Mexico. The future. The rivers have been damned up into vast reservoirs and water is purchased by the litre. While country folk scratch a living from the dry earth, in the cities, factory workers have become semi-cyborgs, fixed up in dingy backstreet surgeries with intravenous 'nodes' and hooked up to the internet in enormous node factories known as sleep dealers, providing virtual labour in America.
Memo (Luis Fernando Peña) is a restless country boy who dreams of a better life in the city. But be careful what you wish for, because his dream comes true rather sooner than he envisaged when he hacks into the American Army's frequency and in response, they blow up his house, with his father in it. Of course, the lights of the big city don't shine so bright once he gets there and finds himself working twelve hours shifts in a sleep dealer, controlling a robot welder on a building site in San Diego, running the risk of being fried alive from the inside should the system overload.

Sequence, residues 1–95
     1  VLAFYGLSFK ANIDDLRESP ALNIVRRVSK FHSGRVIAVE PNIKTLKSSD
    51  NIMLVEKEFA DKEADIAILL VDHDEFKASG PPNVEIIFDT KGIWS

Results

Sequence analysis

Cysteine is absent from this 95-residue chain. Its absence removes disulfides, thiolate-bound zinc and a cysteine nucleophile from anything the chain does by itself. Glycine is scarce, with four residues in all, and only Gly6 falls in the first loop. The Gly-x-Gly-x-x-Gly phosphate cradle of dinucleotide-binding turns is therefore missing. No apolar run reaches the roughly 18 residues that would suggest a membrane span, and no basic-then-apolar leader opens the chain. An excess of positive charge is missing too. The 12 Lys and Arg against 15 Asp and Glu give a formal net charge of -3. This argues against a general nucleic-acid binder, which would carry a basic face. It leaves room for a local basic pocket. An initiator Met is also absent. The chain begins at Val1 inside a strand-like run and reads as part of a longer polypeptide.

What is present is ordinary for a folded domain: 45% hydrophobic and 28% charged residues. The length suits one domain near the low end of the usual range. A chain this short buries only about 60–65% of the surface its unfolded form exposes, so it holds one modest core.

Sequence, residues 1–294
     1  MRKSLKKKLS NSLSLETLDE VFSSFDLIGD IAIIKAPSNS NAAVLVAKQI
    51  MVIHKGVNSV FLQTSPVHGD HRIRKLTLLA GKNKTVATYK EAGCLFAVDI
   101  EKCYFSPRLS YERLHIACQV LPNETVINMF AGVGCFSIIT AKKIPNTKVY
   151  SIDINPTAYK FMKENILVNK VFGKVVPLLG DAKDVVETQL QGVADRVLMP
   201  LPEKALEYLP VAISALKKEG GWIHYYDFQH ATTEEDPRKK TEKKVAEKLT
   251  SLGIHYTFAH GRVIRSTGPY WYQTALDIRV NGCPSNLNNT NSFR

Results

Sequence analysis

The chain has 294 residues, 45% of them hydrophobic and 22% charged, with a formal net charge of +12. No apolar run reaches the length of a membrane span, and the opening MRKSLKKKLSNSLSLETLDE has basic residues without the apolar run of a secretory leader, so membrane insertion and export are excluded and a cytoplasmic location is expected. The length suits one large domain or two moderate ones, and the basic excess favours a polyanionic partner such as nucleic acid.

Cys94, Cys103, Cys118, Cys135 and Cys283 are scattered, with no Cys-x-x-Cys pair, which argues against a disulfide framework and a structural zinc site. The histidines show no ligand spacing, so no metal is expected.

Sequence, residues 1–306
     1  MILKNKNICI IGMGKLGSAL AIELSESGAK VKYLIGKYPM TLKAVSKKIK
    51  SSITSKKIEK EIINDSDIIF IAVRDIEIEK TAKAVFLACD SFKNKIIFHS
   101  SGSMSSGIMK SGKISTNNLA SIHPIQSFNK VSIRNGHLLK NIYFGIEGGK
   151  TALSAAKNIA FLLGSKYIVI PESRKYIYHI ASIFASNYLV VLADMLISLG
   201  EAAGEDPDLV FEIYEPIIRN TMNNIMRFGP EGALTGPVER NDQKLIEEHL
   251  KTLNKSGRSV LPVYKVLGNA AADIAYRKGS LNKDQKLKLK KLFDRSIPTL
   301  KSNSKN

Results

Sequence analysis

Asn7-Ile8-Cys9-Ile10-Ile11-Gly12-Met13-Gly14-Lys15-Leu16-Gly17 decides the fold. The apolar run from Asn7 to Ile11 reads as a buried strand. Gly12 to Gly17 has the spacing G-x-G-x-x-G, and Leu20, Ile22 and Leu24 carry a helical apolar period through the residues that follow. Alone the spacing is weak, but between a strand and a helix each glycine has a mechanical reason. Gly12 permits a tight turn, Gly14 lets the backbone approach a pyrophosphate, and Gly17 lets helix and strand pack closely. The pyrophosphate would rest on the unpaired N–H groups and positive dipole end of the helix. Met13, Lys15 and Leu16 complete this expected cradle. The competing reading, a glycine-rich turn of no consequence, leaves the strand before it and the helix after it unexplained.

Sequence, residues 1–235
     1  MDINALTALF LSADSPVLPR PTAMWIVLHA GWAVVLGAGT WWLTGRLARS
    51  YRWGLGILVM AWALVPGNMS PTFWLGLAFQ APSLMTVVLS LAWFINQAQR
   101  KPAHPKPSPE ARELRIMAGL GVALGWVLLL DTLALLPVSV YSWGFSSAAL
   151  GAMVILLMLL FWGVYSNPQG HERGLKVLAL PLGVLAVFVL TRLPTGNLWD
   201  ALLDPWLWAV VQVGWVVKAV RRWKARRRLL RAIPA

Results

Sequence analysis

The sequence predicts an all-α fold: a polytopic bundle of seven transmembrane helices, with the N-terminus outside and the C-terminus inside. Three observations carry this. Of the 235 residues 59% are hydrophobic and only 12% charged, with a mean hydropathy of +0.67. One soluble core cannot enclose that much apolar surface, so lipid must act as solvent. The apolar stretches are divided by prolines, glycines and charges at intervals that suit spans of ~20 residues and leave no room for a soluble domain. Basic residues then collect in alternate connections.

[imagen]Born in New York, Alex Rivera is not only a director but a digital media artist. His first film Sleep Dealer (U.S.-Mexico, 2008), was screened at Sundance, where it won the Waldo Salt Screenwriting Award. It also won the Amnesty International Film Prize at the 2008 Berlinale.